Visita QUIXOTEdotTV - LA TIENDA del IV CENTENARIO
USA | UK €/£ | Canada | Australia | New Zealand |Germany
España | Brazil | Portugal | France | Japan | Sweden
A VIDEOCUENTO XXXIII
DON QUIXOTE OF LA MANCHA
"Sancho Panza Is Rescued"
After leaving Barataria, Sancho heads towards the castle of the duke and duchess in order to join Don Quixote. On the way he meets up with some pilgrims, one of whom is a shopkeeper from his village, who had fled Spain during the expulsion of the Moslems. He had met his new found friends in Germany. Ás they were used to returning to Spain every year in a pilgrimage, he decided this year to accompany them and to look for a treasure he had buried near to his village. With this treasure, he planned to bring his wife and daughter from Algiers to Germany, to live with him.
The Moslem proposes that Sancho help him to find the hidden treasure, for which he will pay him 200 ducados for his troubles. But Sancho refuses on the grounds that it would be a treachery against his King by favoring his enemies. He then bids Ricote (the name of the Moslem) farewell and continues along his way. That night, Sancho decides to sleep along side of some ruins, but he draws too near and both he and his donkey fall into a deep pit.
The following day, after taking his leave of the duke and duchess, Don Quixote
heads out for the Isle of Barataria, as he wants to see his squire. On passing
by the ruins where Sancho had fallen, he hears Sancho
shouting. After a great ordeal, he finally succeeds in rescuing him from
the depths of the hole. Sancho then informs his master of all that had transpired in Barataria. Don Quixote consoles Sancho with a long diatribe on the pursuit of liberty, which he explains is one of the most precious gifts that Heaven has ever given to man.
Later on they arrive at a wood where they meet some maidens who lead a pastoral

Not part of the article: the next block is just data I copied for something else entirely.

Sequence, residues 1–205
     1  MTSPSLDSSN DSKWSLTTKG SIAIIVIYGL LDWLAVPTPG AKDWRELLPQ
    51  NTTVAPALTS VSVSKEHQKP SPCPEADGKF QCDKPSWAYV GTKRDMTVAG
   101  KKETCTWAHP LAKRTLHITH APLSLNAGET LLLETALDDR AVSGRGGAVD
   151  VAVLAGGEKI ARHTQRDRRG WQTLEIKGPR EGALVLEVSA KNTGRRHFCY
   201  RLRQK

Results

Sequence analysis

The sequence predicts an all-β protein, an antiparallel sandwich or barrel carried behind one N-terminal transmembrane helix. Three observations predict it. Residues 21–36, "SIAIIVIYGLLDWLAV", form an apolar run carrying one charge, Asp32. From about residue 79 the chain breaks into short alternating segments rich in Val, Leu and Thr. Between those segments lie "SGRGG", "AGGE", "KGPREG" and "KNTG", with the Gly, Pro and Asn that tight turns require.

life, along with other shepherdesses and young men. They tell them about their
bucolic existence and invite Don Quixote and Sancho to
be their guests. Smitten by the courtesy of such pretty lasses, and stopping in the middle of the road that leads through the wood, Don Quixote announces in a loud voice that there are not in the world more
beauteous and courteous maidens (except, of course, Dulcinea) than these
that he has just got to know, and that he will defend such affirmation
with his arms. Just then a herd of brave bulls (who know nothing about knighthood) come storming along the road, running over the brave Don
Quixote and his complaisant squire.
Recovered from their wounds, Don Quixote begs Sancho to begin lashing himself so that Dulcinea may be disenchanted. Sancho asks him to be patient, promising to do it later on.
The following day they arrive at an inn, where they meet two men with whom they discuss the false stories that one Avellaneda has written containing false adventures of Don Quixote and Sancho Panza. The men tell how the historian recounts that Don Quixote lost out in the jousts in Saragossa, saying that he neither won laurels nor fame. In order to give the lie to the false historian, our Nobleman decided not to go to Saragossa, but went to Barcelona instead.